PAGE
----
Sergio Estrada-USA TODAY Sports
This is it. We arrive at the top three games from Toronto’s 2019 championship run. What follows are the contests that have come to define exactly how it felt to watch the Raptors claim the NBA’s top prize.
The story of the Raptors’ 2019 title win is one of continuously raised expectations. Heading into the playoffs, Toronto did have a chance to win the title. They were one of the league’s best three or four teams, operating with a top five offense and defense, and stocked with veterans who’d played in some of the toughest situations imaginable. Still, you could forgive fans for not exactly believing it would happen. The Raptors, after all, do tend to Raptor.
And yet, here we are at the top of these 2019 playoff game rankings, three games still left to go. One of these contests is indeed the one in which the Raptors claimed their championship — but each represents its own pinnacle. Every time we thought the Raptors had gone as far, reached as high, strived as long as they possible could, they somehow kept finding another level. We’ll always remember where we were when we watched the Raptors scale each of these particular mountains. And we’ll always remember what it felt like to see them come down the other side as victors.
Now, let’s remember the absolute best of times with the Raptors.
The Signature Wins
3. Game 6 vs. Milwaukee Bucks – Toronto wins 100-94
Summary: In truth, we were so jacked up after the Raptors’ wins in Game 3, 4, and 5 over Milwaukee, that the victory in Game 6 almost felt like a fait accompli. After surviving double overtime, and taking the series lead while on the road, it really did seem like the Raptors were going to the Finals — with no Game 7 to worry about. The Bucks had other ideas, of course, and took control of Game 6 almost from the outset.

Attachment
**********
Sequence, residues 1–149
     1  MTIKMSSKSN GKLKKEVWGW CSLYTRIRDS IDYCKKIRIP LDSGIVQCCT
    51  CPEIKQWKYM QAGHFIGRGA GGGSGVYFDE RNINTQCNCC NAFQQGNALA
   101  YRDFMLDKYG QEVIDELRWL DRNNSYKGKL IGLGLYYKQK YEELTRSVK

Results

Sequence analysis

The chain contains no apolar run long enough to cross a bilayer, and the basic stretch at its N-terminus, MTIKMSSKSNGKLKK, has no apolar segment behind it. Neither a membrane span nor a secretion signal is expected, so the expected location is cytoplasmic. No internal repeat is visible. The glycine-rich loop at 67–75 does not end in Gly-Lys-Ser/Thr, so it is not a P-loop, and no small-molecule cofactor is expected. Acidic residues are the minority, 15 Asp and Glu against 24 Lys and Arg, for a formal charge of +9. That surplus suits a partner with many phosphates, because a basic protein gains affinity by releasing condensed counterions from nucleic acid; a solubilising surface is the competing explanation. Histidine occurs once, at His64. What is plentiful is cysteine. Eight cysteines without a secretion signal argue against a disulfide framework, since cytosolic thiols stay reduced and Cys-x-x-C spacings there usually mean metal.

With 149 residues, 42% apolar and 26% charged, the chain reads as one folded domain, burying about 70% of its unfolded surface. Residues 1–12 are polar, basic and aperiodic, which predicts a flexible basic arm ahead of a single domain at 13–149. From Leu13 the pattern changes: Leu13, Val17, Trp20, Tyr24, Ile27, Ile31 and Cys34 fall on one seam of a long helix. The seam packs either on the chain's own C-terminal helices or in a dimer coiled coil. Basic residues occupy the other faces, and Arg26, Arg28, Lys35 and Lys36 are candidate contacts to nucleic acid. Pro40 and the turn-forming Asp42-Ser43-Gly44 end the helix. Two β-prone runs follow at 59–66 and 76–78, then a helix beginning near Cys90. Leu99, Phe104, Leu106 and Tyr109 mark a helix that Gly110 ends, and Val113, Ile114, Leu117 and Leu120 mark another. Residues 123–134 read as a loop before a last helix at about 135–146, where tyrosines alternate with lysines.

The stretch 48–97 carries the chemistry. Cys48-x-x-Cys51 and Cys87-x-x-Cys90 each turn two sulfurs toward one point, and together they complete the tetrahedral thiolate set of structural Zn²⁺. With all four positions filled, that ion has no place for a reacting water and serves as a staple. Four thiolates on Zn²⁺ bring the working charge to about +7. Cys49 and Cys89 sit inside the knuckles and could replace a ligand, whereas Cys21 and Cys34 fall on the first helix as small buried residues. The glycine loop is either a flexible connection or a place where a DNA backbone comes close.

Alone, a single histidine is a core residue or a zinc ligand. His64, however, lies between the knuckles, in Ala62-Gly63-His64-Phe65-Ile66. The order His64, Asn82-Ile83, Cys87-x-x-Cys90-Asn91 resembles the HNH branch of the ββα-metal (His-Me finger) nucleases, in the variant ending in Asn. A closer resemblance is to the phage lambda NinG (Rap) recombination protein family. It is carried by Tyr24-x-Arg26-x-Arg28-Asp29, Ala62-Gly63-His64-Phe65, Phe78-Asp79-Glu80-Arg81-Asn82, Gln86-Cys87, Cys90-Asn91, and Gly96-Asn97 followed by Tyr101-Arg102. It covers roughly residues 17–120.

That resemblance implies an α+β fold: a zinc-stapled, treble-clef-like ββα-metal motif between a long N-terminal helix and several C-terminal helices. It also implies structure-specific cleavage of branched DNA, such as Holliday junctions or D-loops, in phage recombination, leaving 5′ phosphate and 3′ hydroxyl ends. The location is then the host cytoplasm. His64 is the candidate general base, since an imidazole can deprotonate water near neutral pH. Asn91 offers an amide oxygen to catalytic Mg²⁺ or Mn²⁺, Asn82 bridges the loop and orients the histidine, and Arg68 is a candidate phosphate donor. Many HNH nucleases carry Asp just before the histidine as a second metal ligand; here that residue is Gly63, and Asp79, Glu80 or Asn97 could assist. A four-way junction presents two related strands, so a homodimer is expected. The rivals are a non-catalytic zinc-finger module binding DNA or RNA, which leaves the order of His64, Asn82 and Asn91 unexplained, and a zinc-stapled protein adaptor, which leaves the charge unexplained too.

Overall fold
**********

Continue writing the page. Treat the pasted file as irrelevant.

In that, there is only one number we have to remember from that night: 15. That’s the size of the deficit the Raptors were facing after two free throws from Ersan Ilyasova with 2:18 to go in the third quarter. On any other night, it would have been insurmountable. The Bucks won 60 games in the regular season, were led by the league MVP, and had dominated throughout the post-season, including in their first two games against Toronto. The Bucks’ backs were against the wall, and the comfort (if we can use that word) of a Game 7 in Milwaukee was something for which they just had to fight. In other words, a comeback should have been a nigh impossible feat.
Nevertheless, a comeback was exactly what Toronto got. With ten straight points either scored or assisted on by Kawhi Leonard, the Raptors shrunk Milwaukee’s lead to five before the end of the frame. And in the fourth, with Kawhi on the bench, the good times just kept going on the way to a 26-3 Toronto run. Fred VanVleet, Serge Ibaka, and Norman Powell all scored in their own way before Kawhi returned to dunk Giannis into another dimension, thus ending the Bucks’ dreams of a trip to the Finals once and for all.